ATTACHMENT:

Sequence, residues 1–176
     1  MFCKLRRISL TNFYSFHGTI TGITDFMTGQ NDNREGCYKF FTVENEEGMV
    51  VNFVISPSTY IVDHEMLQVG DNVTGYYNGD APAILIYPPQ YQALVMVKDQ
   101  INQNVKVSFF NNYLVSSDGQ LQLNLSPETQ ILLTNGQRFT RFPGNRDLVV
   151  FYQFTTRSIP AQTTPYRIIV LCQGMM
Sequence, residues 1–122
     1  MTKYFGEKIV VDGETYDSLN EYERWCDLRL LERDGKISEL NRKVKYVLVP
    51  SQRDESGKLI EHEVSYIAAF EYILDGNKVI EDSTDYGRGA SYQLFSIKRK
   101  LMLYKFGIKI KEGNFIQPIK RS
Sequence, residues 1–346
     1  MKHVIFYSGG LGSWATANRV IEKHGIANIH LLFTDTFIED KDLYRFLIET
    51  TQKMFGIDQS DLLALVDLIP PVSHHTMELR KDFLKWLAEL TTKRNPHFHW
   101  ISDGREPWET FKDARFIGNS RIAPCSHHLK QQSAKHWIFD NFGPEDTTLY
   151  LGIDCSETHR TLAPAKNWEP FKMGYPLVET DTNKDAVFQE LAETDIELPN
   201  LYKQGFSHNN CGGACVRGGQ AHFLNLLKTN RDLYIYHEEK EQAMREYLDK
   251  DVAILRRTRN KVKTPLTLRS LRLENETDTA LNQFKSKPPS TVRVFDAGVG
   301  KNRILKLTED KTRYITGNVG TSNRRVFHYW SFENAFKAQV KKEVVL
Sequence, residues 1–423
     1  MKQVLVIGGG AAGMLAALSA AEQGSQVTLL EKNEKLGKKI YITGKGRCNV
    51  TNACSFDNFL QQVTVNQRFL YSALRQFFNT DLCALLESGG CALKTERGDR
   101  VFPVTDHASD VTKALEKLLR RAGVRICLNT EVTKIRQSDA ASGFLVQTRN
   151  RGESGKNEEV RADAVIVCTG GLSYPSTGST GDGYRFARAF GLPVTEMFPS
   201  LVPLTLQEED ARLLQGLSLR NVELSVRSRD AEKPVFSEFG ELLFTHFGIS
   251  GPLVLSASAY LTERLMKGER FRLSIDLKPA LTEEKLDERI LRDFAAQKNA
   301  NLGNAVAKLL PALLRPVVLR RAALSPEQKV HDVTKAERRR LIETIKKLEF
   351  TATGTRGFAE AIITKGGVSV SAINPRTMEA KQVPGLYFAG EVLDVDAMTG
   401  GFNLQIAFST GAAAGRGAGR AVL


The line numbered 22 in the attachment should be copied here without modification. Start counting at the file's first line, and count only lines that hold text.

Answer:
   151  RGESGKNEEV RADAVIVCTG GLSYPSTGST GDGYRFARAF GLPVTEMFPS